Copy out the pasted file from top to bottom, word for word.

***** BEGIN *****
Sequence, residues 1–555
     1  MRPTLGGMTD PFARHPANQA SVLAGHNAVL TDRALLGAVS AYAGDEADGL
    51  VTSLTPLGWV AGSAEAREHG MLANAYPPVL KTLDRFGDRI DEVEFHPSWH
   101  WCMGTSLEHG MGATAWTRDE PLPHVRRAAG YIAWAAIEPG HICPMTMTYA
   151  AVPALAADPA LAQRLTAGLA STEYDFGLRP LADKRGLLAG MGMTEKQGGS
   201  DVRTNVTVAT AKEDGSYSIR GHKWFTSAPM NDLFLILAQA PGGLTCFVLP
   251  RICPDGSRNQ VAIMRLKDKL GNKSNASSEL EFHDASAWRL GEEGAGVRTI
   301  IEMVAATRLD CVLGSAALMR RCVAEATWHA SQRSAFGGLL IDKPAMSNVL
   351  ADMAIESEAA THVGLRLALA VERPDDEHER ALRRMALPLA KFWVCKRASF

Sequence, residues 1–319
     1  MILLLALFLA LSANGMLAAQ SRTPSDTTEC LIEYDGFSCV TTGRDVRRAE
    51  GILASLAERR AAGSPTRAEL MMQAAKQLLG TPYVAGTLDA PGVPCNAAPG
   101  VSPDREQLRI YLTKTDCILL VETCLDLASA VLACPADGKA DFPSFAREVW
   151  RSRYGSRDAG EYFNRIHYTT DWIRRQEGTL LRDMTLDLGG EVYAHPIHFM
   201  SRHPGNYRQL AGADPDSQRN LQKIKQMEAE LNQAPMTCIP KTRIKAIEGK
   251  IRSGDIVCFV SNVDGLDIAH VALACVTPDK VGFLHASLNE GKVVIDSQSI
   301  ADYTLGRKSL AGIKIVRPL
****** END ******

Sequence, residues 1–555
     1  MRPTLGGMTD PFARHPANQA SVLAGHNAVL TDRALLGAVS AYAGDEADGL
    51  VTSLTPLGWV AGSAEAREHG MLANAYPPVL KTLDRFGDRI DEVEFHPSWH
   101  WCMGTSLEHG MGATAWTRDE PLPHVRRAAG YIAWAAIEPG HICPMTMTYA
   151  AVPALAADPA LAQRLTAGLA STEYDFGLRP LADKRGLLAG MGMTEKQGGS
   201  DVRTNVTVAT AKEDGSYSIR GHKWFTSAPM NDLFLILAQA PGGLTCFVLP
   251  RICPDGSRNQ VAIMRLKDKL GNKSNASSEL EFHDASAWRL GEEGAGVRTI
   301  IEMVAATRLD CVLGSAALMR RCVAEATWHA SQRSAFGGLL IDKPAMSNVL
   351  ADMAIESEAA THVGLRLALA VERPDDEHER ALRRMALPLA KFWVCKRASF

Sequence, residues 1–319
     1  MILLLALFLA LSANGMLAAQ SRTPSDTTEC LIEYDGFSCV TTGRDVRRAE
    51  GILASLAERR AAGSPTRAEL MMQAAKQLLG TPYVAGTLDA PGVPCNAAPG
   101  VSPDREQLRI YLTKTDCILL VETCLDLASA VLACPADGKA DFPSFAREVW
   151  RSRYGSRDAG EYFNRIHYTT DWIRRQEGTL LRDMTLDLGG EVYAHPIHFM
   201  SRHPGNYRQL AGADPDSQRN LQKIKQMEAE LNQAPMTCIP KTRIKAIEGK
   251  IRSGDIVCFV SNVDGLDIAH VALACVTPDK VGFLHASLNE GKVVIDSQSI
   301  ADYTLGRKSL AGIKIVRPL